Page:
Head of Revolt Ventures, Revolt
Co-founder of Management Consultancy, Revolt
Companies that adopt a sustainable approach to their business can reap valuable benefits in terms of growth and reputation.
Transitioning to a more purposeful approach offers just as many opportunities for businesses and brands as the digital revolution.
The shift, according to experts, helps build trust with customers, stakeholders and the workforce, as more companies adopt a sustainable outlook to their operations.
Yet such a transition must be built on credible action to avoid criticism of “greenwashing” and merely giving the impression that a company appears more of a force for good than it actually is.
Alex Lewis, Co-founder of management consultancy Revolt, highlights the importance of supporting commitment to the environment with actions.
“We’ve seen how a purposeful, sustainable approach pays back. It builds reputation, it creates marketing cut-through and it unlocks new opportunity for innovation,” he explains.
“But ultimately a purposeful business must leave the world in a better place than they found it. They need to build from credible commitments. Not just in terms of a healthier planet, but also the broader positive societal impact it can deliver.”
The transition to a sustainable outlook over the next 20 years, he suggests, is going to be as significant as the digital transformation of the last two decades.
Mr Lewis points to the importance of companies embracing sustainability as a means of building reputation, connecting with an audience and developing breakthroughs, innovations and brands, “which might not in the past have had an audience.”
However, to achieve valuable payback from the commitment, the move has to be built on credible change to avoid falling into the greenwash trap.
Looking at strategic opportunities through the lens of purpose, not just one-dimensional trends, can be a commercial opportunity that many miss.
For companies, there are benefits on many levels, notably with personnel. “People within the business want to know that they work for a good employer who is heading in the right direction, so there is a positive benefit in terms of attracting, retaining and motivating talent,” he says.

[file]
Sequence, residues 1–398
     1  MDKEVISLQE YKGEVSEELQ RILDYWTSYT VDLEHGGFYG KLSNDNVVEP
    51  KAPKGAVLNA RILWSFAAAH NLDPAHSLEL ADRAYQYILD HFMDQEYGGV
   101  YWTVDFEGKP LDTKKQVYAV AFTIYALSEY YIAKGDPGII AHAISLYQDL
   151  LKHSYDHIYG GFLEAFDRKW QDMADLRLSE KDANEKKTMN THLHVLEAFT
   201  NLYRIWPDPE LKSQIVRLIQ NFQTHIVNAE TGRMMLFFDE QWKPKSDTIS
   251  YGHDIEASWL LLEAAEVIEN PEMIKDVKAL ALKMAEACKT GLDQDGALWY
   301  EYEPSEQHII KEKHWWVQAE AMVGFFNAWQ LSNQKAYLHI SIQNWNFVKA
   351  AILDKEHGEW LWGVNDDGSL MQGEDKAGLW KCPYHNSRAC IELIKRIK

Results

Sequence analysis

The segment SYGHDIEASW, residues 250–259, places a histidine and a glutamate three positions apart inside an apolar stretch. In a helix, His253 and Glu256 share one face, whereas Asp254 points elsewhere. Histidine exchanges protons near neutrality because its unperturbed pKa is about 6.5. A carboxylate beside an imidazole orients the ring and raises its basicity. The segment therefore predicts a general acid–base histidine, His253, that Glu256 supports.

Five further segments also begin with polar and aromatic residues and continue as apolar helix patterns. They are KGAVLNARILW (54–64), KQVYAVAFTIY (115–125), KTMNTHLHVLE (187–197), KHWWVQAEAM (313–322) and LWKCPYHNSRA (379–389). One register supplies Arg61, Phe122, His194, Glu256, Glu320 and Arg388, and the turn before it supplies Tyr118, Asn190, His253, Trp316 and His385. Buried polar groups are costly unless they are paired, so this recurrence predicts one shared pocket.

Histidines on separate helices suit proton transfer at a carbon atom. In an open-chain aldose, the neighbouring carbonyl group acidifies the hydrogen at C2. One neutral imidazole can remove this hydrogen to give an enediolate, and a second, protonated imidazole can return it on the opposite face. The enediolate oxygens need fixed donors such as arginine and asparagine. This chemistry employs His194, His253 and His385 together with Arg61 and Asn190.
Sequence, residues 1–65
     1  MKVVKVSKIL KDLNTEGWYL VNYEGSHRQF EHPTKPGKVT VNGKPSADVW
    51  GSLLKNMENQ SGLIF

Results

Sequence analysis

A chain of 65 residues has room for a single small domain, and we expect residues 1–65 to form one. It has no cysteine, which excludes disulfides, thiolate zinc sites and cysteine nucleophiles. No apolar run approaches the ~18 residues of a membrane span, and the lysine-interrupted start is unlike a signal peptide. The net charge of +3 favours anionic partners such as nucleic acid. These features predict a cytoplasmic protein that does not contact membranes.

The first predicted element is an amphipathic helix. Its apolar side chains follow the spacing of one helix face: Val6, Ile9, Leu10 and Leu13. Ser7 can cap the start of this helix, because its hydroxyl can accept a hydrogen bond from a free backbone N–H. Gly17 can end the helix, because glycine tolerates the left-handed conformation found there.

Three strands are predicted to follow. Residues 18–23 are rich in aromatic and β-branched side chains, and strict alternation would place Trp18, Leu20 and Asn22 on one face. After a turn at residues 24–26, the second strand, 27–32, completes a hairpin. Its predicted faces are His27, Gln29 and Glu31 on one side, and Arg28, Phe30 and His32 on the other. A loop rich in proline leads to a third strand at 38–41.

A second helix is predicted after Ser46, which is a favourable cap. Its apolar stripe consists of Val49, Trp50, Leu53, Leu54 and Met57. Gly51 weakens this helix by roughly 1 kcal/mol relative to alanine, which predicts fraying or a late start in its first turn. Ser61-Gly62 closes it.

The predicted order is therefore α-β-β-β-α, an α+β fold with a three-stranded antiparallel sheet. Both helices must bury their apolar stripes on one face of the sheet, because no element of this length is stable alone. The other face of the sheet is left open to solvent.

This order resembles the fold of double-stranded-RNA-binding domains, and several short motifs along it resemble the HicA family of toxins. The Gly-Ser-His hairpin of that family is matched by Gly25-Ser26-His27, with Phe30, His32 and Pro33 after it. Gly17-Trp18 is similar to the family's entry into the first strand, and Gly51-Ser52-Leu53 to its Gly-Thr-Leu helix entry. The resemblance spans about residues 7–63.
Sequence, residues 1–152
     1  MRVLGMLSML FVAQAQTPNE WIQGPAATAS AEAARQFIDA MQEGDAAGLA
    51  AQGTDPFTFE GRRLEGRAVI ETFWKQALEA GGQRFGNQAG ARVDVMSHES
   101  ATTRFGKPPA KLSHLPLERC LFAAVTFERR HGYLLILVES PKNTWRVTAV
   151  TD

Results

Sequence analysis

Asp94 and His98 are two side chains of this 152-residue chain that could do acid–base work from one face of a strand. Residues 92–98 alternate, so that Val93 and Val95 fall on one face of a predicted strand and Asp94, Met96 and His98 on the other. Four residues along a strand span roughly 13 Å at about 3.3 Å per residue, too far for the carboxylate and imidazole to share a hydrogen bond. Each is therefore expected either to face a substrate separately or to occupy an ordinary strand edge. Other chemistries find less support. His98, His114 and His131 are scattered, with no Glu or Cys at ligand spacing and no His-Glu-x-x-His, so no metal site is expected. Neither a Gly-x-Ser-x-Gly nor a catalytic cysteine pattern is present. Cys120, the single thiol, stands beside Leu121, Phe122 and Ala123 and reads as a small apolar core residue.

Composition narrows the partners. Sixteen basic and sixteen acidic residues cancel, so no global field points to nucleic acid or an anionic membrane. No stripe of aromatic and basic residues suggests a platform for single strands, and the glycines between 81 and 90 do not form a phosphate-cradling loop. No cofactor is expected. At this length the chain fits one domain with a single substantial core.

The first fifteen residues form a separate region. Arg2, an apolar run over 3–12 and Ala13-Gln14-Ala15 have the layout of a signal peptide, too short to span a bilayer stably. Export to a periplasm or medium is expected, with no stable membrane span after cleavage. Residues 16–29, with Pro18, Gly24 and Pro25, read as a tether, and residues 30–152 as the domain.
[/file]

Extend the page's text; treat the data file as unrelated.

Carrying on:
From there, it has appeal to consumers, stakeholders and suppliers who want to be associated with such a company.
For major organisations, the transition can involve a significant shift, whereas for smaller agile ventures, this sustainable approach can be part of their identity from the outset.
Jenny Double, Head of Revolt Ventures, says that purpose and sustainability are a business opportunity and a fruitful “springboard” for new solutions and innovation.
“Consumers are expectant of brands to be driving purposeful change and helping them to adopt behaviours that protect people and planet,” she says. “Bigger organisations cannot do that overnight, but innovation and start-ups can be a real accelerator. Looking at strategic opportunities through the lens of purpose, not just one-dimensional trends, can be a commercial opportunity that many miss.”
At Revolt, key challenges posed to clients are about how to: make a sustainable transformation in a distinctive way; ensure investments in sustainability help build the reputation of a business and brand; and involve consumers in the sustainable actions taken. The company helps major global organisations, including Mars, l’Oreal and adidas, lead with action as they embark on their transformation to being a purposeful business.
Ms Double concludes that we’ve seen the benefits digital-first businesses have realised. A clear message is that ‘’purpose-first businesses will be best placed to succeed in the future.”